Nathan: Yeah. That’s really smart. Look at someone who is sharing content similar to you. The tool behind the scenes that you guys are building is something that I have always really liked and have dabbled in just a little bit with trying to make sure that we’re sharing the sort of content that gets that sort of engagement.
I guess I’ll just dive a little bit deeper into this topic that we want to talk about today. I know that at Post Planner, you guys do tons of different marketing projects to actually promote and sell that tool. You guys have really awesome blogs, you guys are doing twitter chats, webinars, podcasts like this one and of course there’s the Facebook engagement site which is where we’re going to chat through a lot today. I’m wondering what is the biggest challenge that you’ve seen marketers struggling with to resolve with Facebook?
Rebekah: Facebook is constantly changing, right? Everyday it feels as if there’s something new you need to learn, something new you need to keep up with. I think the biggest challenge that we hear today, we heard yesterday, a month ago, three years ago, and I think it’s going to continue to be a trend is it’s just getting seen, getting their content seen, getting found, getting that engagement on Facebook. Whether it’s organic reach where you’re seeing your numbers dwindling or you’re feeling as if you’re getting lost in the noise.
I was reading an article by Neil Patel and he was saying that there are over 3 million links shared on Facebook every hour these days. When you look at the data like that, it can start to feel a little overwhelming. For us, that’s really the need or the problem we’re trying to solve every day for our users is how do you get over that hurdle? How do you get yourself out there, get yourself out in front of your competition and how do you consistently create or curate content that allows you to do that day in and day out and connect with a wide audience, connect that with your audience so that you’re training them to come back and engage and interact with your content. Like I said, I just don’t think that engagement, organic reach being able to be seen or found by your audience is a problem that is going to go away anytime soon.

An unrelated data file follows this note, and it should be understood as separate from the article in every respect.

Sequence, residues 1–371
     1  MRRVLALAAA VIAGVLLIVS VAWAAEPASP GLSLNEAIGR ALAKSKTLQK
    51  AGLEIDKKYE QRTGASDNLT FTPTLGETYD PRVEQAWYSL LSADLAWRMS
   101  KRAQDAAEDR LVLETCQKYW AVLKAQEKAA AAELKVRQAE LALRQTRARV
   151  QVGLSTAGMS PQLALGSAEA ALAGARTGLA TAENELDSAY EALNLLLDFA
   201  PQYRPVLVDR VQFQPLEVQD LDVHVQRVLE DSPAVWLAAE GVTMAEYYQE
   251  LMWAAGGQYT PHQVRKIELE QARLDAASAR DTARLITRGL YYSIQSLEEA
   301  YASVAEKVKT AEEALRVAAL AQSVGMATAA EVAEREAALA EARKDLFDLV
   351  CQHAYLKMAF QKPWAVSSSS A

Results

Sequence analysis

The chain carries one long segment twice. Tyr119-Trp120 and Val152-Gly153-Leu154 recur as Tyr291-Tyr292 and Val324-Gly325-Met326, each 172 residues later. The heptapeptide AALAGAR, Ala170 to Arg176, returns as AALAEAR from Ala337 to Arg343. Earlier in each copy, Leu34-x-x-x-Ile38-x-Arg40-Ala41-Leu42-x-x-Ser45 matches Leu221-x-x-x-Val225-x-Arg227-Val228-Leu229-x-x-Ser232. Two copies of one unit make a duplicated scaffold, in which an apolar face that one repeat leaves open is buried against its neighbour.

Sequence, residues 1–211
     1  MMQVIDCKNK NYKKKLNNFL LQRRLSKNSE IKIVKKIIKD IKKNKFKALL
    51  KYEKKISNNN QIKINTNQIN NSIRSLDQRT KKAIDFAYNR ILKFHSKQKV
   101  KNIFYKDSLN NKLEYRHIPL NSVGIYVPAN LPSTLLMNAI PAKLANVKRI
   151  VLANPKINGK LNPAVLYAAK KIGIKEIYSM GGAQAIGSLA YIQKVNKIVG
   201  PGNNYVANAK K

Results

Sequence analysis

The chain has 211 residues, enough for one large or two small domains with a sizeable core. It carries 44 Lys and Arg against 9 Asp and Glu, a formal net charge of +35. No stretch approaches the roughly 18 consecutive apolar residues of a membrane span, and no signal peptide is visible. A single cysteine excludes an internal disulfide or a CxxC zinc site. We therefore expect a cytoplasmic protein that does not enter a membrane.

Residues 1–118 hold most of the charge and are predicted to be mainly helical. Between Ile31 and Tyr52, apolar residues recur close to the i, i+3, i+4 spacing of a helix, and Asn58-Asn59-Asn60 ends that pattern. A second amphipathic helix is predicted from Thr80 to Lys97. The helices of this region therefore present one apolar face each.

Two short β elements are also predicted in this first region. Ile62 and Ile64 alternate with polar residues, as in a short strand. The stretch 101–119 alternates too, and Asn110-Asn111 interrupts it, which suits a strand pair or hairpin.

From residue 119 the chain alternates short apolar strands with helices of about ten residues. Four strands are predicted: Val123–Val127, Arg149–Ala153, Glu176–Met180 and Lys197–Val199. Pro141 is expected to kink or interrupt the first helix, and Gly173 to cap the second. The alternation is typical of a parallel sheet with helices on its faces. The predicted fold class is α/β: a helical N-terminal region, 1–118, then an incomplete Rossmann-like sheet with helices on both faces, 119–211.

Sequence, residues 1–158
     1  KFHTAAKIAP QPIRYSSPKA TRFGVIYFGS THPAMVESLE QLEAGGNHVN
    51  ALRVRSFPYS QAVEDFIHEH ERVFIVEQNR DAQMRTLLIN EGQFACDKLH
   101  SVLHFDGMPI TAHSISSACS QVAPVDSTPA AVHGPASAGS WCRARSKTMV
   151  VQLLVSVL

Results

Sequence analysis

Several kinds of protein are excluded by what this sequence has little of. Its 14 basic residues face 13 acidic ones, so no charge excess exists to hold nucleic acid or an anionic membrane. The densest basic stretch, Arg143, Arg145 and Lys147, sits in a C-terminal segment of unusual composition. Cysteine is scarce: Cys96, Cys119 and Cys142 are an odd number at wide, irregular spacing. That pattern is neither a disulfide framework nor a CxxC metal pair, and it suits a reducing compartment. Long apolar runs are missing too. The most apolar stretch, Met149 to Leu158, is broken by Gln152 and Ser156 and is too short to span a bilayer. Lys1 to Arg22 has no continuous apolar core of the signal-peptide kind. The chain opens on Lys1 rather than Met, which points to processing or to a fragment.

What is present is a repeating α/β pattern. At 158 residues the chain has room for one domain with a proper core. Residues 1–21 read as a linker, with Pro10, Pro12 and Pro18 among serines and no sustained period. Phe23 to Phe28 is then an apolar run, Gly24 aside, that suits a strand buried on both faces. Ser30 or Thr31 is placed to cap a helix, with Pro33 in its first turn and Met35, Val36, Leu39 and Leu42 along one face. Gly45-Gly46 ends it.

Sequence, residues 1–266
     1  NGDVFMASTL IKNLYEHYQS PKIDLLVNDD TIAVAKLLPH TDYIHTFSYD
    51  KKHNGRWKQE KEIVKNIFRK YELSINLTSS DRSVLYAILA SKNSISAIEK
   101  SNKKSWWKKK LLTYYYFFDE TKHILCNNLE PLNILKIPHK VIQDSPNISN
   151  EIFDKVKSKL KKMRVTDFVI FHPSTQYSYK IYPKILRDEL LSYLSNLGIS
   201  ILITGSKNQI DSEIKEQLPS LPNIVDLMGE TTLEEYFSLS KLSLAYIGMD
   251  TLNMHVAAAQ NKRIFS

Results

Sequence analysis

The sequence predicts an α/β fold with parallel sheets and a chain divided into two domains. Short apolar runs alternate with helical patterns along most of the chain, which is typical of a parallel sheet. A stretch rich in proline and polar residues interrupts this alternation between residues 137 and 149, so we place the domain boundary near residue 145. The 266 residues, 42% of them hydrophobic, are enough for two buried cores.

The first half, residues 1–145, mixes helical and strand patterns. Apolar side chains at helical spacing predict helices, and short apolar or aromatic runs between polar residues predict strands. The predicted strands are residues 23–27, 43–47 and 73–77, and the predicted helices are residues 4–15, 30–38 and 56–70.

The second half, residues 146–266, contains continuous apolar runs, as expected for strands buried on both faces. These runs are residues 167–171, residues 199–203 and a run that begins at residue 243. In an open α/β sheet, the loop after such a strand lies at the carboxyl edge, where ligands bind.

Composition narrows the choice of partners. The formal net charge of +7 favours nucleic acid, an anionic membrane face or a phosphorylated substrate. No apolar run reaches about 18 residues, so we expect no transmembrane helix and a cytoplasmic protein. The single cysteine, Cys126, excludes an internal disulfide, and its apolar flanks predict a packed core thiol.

Nathan: I know that you guys have been really hard at work to resolve that same challenge for your own team at Post Planner, could you give me some of the low down on the success you’ve had with Facebook at Post Planner?
Rebekah: Facebook has been the backbone of our social media presence since the inception of the company five years ago. Post Planner was really born as a Facebook app, in fact we were built right inside of Facebook. It wasn’t until about a year and a half ago we moved outside of Facebook so you can now access Post Planner outside of Facebook. We interact with other social networks but since our beginning are with Facebook, that has been kind of our bread and butter, I guess is a good way to put it. Over five years, we have built that page up to about, we are closing in on about 400,000 fans as of today.
What I really wanted to better understand, what had gone into all of that in the time prior to me and everything leading up, we partnered with Simply Measured and asked them to do deep dive just a whole case study around our growth. They looked into our growth over a year span just to get a really good idea of not only what type of growth we have seen but what were the tactics that were the most successful, what really garnered the biggest growth spurts for us throughout that year.
What they found was that we had grown our fan base 193% in a 12-month period and what was really critical to us as, I still consider as a startup, but a bootstrap startup, we grew that 193% with nearly no paid commotion, less than 2%. Almost all of our growth is attributed to organic growth which is why that’s our main focus. Our heart and everything we talk about is with those business owners, with those entrepreneurs, with those companies that aren’t working with a big brand budget and they are really out there struggling to get their content seen by their audience and they don’t want to have to pump out $100 a day to do it.
What we did was we pulled together every bit of what that growth looked like from beginning to end, every tactic we’ve put in place, and we’ve simply measured an e-book together this year, just outlining every single one of those tactics. For me, what I love so much about it is exactly what I just mentioned. There is no need to have a huge budget, there’s no need to have a huge team. Everything that we did can be duplicated by anybody else out there.
Nathan: Wow, congratulations. Doubling your growth essentially, that’s super impressive.
Rebekah: Yeah. It was impressive, it was incredible to be a part of and just watch how much we tweaked in paying attention to what was working and what wasn’t, and changing some things out. But overall, where we started in our strategy really remained the same for the most part, that mix of content that we’re sharing. Like I said, it was exciting to be a part of and something you don’t see every day but the fun for me is we’ve maintained that level of growth as well over the last six months and have continued on that journey which is I think very exciting as well to know that everything we’ve put in place is still working.